World War Z
by Max Brooks
Sharon is a patient at the Rothman Rehabilitation Home for Feral Children. Although an adult now, she survived the Great Panic and subsequent zombie wars as only a wee child.
Sharon's story really serves two purposes for us. First, its World War Z's only story from the perspective of a child. Due to Sharon's fracture psyche, she tells her story from the point of view of her childhood self rather than that of an adult looking back on events.
The effect of naïveté and innocence relating such a horrific tale is truly stunning, and it helps us come to grips with how awful the experience must have been. Since most of the tales are told after the fact, the rationale of hindsight is put upon the telling. But with Sharon's story, you feel the terror of being in the thick of it.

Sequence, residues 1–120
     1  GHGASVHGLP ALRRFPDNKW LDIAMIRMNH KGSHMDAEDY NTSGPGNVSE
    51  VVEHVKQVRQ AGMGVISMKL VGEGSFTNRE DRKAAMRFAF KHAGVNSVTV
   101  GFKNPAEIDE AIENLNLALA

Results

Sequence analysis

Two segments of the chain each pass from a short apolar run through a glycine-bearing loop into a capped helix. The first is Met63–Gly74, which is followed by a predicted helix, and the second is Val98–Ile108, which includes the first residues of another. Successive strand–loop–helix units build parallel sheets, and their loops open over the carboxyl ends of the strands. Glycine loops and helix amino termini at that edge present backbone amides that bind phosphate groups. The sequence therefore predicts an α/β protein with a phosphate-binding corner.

Second, Sharon's story shows us just how psychologically traumatizing such a disaster can be on people—whether it is the fictional zombies or very real disasters like plague or war. Once again, Sharon tells her tale as if she were there, complete with sound effects that would make Michael Winslow proud.
The other characters have basically been able to come to terms with what happened (except Redeker, maybe). But Sharon has been forever psychologically scarred. Since the event happened while she was still a child, she can't process and rationalize the horrors like the others can. This is particularly evident when she explains her mother's death as: "Warm and wet, salty in my mouth, stinging my eyes" (4.3.17).